Willpower tends to be my strength, to a fault. I don’t give up on things and I tend to believe I can do anything. But I was so floored by the lava in my stomach that I couldn’t see how going much further was going to be physically possible. It absolutely killed me to think of having to turn back and not finish the kora, not to mention hiking a whole day back just to finish failing. But I wasn’t sure I could even walk another ten feet. Maybe if we were halfway to the top I could crawl the rest of the way. Puta arrived and I asked him how far up the mountain we were.
“Maybe 10%?” he offered.
Puta sent the rest of the group on ahead and said he’d stick with me the rest of the way up. Sara and Puta split my pack between them so I could stagger uphill unencumbered. Thanks guys.
I excused myself and tried to make myself throw up off the side of the mountain. Doubled over on my hands and knees, nothing came out but air. Dry heaving, nothing. It had been too long since I ate. Whatever evil spirit it was, wasn’t in my stomach any more. Dammit.
Puta had seen it all before.
“You don’t have anything to throw up. Getting sick from the food can be worse than the altitude. Just take it very slow and we’ll eventually get to the top. Do it for your mom.”
I took his word on the getting to the top part and began shuffling up the mountain in the dark, struggling to walk in a straight line. It seemed ridiculous and pointless but I might as well see how far I can go before I finish falling apart.
Every few minutes I’d sit down on a boulder just before I fell down, and center myself until the chaos in my stomach ramped down to tolerable levels. God, this is ridiculous. But we are making our way up, ever so slowly. Puta kept telling me not to stop, that it just made it harder to get started again, but he didn’t realize that sitting down regularly was the only thing keeping me from collapsing and retching deliriously in the dirt.
I don’t have any photos of the ascent, as that level of coherence was way beyond me at that point and all of my energy was going into staying upright and making sure I didn’t dizzily start hiking downhill, thinking it was uphill.
The sun gradually rose, illuminating the mountain beautifully all around us. Occasionally we would catch up with Christiane and Peter, the Austrian couple in our group. Christiane was struggling but plugging along gamely. Peter saw the agony in my face and coached me on how to breathe at high altitude.
“Breathe deep. Breathe deep. It’s not the altitude, it’s the lack of oxygen. This is how we go in the mountains.”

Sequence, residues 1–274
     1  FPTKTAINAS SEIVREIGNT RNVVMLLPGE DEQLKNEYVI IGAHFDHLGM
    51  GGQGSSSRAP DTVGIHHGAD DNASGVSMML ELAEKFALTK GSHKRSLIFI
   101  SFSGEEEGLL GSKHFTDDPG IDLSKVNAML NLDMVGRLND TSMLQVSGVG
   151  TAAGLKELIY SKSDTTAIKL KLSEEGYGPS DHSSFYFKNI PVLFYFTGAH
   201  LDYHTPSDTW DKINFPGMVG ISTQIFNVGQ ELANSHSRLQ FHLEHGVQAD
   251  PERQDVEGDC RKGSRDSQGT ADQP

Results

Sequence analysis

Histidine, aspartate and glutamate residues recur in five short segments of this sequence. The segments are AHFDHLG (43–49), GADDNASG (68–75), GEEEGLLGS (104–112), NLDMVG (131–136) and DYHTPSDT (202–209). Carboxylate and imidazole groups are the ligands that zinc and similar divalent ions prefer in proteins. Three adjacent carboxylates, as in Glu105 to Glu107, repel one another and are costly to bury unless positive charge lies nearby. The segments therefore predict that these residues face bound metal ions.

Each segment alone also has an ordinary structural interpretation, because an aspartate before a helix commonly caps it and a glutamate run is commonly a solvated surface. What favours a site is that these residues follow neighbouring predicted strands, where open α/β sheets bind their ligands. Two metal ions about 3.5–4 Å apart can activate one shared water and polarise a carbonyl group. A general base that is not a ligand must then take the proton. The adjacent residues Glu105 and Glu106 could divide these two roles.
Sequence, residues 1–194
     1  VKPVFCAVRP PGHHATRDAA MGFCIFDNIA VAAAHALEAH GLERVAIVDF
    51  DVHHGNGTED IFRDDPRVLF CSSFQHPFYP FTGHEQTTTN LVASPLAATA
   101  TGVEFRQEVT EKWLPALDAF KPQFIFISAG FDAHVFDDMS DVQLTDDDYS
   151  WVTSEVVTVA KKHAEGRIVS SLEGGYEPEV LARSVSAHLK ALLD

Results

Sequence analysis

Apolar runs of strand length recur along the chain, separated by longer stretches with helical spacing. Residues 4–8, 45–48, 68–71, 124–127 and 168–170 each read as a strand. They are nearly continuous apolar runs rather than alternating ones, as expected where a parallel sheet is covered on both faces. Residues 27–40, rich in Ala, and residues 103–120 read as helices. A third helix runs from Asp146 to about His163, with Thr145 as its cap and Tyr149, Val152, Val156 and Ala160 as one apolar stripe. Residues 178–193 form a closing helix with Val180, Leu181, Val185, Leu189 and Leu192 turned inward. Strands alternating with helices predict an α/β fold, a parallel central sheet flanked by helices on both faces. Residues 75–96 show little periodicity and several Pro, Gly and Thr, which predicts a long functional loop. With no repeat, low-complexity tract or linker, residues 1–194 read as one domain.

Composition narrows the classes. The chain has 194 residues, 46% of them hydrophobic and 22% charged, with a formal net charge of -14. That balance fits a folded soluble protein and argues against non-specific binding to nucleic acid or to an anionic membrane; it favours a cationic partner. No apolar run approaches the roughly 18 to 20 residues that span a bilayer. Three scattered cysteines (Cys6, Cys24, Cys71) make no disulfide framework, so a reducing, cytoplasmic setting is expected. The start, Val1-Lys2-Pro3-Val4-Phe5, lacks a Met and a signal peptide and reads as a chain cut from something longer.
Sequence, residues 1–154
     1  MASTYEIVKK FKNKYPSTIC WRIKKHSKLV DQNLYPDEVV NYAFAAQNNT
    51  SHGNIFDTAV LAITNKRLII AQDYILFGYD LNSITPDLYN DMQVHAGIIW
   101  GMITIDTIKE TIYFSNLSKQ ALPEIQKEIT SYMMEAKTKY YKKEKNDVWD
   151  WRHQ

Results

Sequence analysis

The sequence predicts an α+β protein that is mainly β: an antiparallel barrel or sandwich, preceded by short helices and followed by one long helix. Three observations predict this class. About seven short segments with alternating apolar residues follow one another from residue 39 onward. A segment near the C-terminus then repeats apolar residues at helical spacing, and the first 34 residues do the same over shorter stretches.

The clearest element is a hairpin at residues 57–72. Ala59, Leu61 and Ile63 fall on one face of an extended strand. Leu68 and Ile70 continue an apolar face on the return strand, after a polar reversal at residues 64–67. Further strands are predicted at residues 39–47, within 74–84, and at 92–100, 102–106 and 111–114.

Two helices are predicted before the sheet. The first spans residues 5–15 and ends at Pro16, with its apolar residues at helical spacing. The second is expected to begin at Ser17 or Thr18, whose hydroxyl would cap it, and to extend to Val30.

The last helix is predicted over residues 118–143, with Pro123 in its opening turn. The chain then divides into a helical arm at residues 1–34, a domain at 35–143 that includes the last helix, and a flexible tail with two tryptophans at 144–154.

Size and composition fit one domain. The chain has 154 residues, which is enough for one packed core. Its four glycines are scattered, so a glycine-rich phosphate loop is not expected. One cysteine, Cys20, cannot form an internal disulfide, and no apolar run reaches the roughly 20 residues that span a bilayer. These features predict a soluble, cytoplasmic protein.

I didn’t have the heart or coherence to tell him the altitude was the least of my problems, but the breathing technique did help some and more than anything I was buoyed by his caring.
Over the hours, we gradually worked our way up, up, up. I stopped at one point and tried to barf up the chestburster inside me off the mountainside again, but again no luck. Nothing came. We climbed.
At some point it began to dawn on me that I was maybe, somehow going to make it. Maybe. I was in disbelief as this had seemed so utterly impossible earlier. But somehow everything was holding together, just enough. I looked up and could almost see the pass, up on the horizon.
This development turned out to be more cruel than anything, as it was still a long ways away, and my pace slowed as the mountain grew ever more steep. I was sitting down more and more frequently. At one point I came up upon a group of pilgrims who were prostrating their way up the mountain, amazingly. I passed them but soon after, they turned the tables and passed me. Okay. This can’t happen. I can’t be beat up the mountain by people who are literally crawling with slippers on their hands. Get it together Sean.
Several more dizzy, blurry ascents later, and I could see the trail level off ahead of me. I continued to put one foot in front of the other, staggering, willing the mountain to not throw me off into the abyss.
And then, I was there. Holy shit! I was there!
My friends were there to offer their congratulations.
Wait, I made it? Really? It all seemed unreal. It had taken five hours, but I was at the top, somehow. I sat down. I wanted to cry. The feeling of relief was so intense I felt like it was going to wash me right off the mountain.
I don’t know that I’ve quite had this experience before, of accomplishing something I truly 100% did not think I could do. I’ve had brief moments of doubt in various pursuits in the past when things got especially hairy, but this was a full-on reasoned out and resigned certainty that this thing could not happen. And then it did. It was physically the hardest thing I had ever done, but I did it.
Standing in a euphoric daze, I noticed that one of the Tibetans climbing the mountain was looking at me hopefully, wanting to take a photo with me. This had been happening again and again all trip long, Tibetans wanting photos with me everywhere we went. Sara joked that I was a star in Tibet. For the first time it occurred to me to get a second photo of us on my phone too.